Residents of the Sixth Congressional District, which encompasses much of the west, central and northeast sections of the borough, had the chance last week to meet one-on-one with Rep. Grace Meng (D-Flushing) at the Bayside Library during the congresswoman’s fourth “Congress on Your Corner” event.
Those who took advantage of the opportunity discussed issues ranging from lack of jobs and affordable healthcare to overcrowded classrooms and uneven sidewalks.
One Bayside resident, who wished to be identified only as Angela, said she had no real problems, adding, “I’m thinking I’m just not aware. Maybe I’m just ignorant.”
She came, she said, because she had heard “so much about the tale of two cities, I wanted to ask, ‘What is the official New York City poverty income for a single person and for a family of four, and what are the benefits from the city?’
“What does it mean to be rich?” she asked. “How much money do I have to have to be rich?”
Explaining that “I worked, I saved my money, I tried not to live beyond my means,” the retired human resources employee said she suspects she might now be considered to be among the privileged few.
Among those with issues of a more troubling nature was Sai Tong of Bayside, whose children, aged 10 and 8, attend what he calls a “very crowded” neighborhood public school. “I hope maybe she can do something to make the class size a little smaller,” Tong said. “It’s wonderful we get to express our concerns and ideas to someone who hopefully will care.”
Another Bayside resident, Elizabeth Renner, who found Meng “very caring and supportive of community members,” said she spoke to the congresswoman about several issues, including the Affordable Care Act and the lack of jobs.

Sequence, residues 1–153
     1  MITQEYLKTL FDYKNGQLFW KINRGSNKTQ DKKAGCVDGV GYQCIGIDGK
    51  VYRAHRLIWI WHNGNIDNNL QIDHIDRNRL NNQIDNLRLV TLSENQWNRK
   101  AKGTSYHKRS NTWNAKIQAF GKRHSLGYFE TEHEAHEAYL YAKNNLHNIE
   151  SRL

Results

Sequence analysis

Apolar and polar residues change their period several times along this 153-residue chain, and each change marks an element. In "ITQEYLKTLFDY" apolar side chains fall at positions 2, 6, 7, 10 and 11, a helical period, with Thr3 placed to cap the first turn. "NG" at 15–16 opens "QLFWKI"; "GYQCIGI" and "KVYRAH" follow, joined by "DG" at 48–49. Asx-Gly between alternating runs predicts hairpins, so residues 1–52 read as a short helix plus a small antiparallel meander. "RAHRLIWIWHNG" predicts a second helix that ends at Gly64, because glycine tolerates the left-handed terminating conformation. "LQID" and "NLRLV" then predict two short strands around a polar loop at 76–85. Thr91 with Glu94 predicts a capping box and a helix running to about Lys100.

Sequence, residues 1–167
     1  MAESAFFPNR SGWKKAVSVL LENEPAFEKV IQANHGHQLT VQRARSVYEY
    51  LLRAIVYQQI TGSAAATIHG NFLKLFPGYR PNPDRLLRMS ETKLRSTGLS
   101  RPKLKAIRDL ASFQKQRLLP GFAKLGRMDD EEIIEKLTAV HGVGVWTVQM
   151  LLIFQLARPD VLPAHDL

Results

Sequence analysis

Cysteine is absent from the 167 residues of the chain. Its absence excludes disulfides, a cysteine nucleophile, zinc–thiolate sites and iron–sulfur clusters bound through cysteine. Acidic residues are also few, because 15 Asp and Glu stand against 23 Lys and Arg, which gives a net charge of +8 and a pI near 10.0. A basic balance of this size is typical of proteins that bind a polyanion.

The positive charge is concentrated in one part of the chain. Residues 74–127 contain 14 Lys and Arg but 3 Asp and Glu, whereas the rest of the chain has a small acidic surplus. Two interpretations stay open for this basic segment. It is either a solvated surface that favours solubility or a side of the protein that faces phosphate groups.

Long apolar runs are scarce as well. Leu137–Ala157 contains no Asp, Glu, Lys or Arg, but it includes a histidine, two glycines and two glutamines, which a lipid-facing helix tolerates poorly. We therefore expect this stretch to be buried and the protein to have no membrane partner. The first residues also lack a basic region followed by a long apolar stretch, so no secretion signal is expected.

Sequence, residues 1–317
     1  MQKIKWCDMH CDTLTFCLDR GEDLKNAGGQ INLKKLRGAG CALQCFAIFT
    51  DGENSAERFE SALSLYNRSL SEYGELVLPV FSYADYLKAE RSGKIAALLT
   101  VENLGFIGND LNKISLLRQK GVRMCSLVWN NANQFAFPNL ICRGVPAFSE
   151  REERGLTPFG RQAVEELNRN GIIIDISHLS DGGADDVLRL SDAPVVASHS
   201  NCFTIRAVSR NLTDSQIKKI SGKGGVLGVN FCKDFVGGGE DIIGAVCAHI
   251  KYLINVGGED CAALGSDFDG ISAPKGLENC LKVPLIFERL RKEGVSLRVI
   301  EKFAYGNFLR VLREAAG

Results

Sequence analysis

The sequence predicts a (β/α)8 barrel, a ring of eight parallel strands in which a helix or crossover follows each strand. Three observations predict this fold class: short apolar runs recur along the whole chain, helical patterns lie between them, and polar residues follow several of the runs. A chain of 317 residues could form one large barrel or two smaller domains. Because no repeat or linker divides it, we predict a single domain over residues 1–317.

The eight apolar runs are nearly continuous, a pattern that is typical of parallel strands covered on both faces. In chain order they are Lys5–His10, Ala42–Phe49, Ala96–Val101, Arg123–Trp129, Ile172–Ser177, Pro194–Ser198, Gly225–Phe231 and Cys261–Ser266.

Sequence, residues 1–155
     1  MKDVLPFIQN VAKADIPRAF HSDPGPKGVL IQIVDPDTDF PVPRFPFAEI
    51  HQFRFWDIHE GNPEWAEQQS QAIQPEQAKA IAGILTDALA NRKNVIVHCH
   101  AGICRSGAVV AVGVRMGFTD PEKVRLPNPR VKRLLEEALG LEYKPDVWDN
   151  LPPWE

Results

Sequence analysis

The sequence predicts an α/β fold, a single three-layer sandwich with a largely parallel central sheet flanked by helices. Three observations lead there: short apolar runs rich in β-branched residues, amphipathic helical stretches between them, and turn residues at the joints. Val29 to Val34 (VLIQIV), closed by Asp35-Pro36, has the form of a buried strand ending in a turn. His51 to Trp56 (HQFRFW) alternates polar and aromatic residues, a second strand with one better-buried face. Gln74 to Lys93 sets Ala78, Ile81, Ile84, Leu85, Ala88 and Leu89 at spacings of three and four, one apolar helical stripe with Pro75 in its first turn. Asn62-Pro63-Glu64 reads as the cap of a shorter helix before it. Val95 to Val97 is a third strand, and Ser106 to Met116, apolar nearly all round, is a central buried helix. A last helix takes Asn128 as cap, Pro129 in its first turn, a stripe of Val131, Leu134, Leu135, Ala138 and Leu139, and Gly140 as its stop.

Renner also discussed her ongoing efforts to get a hearing in front of a congressional committee concerning child custody reform. She is pushing for a bill to protect children involved in “contentious divorce cases” and nationwide reform.
“Cases go on for years,” Renner said. “It’s not fair.”
A member of Lost Mothers, she described the organization as “a nationwide advocacy group for children,” and said Meng promised to meet with them.
Maria Ramirez, also of Bayside, came to discuss the “state of sidewalks in her neighborhood. I love to walk. I had a tremendous accident in March.”
As a result of a fall, Ramirez had to have plastic surgery on her face and lost a month of work, she said.
“I didn’t see the sidewalk was uneven. To this day, nothing has been done,” Ramirez said. “I can’t walk on the sidewalk. The trees have uprooted the sidewalks and no one is making sure the sidewalks are fixed. In winter time it will be even worse.”
“Air noise,” from planes and helicopters flying overhead, particularly in the northeast part of the borough, was another topic brought up during the two-hour meeting time, as were transportation issues.
Meng mentioned that one constituent complained more efficient bus service is needed, particularly near senior centers and schools.
The event, which was co-sponsored by Community Board 11, is part of an ongoing series of one-on-one discussions Meng has held with constituents. The first took place in January in Middle Village, followed by similar events in Fresh Meadows and Pomonok/Electchester.
All four have been held in area libraries, the better to promote their importance, Meng said.
The turnout last Thursday was smaller than it had been at the previous meetings, owing in part to the inclement weather or, possibly, as Jerry Iannece, CB 11’s chairman, observed, “When people are complacent, they don’t come out.”
But that did not deter the congresswoman. “Being accessible to my constituents and discussing the issues and concerns that are important to them remains a top priority of mine,” Meng said.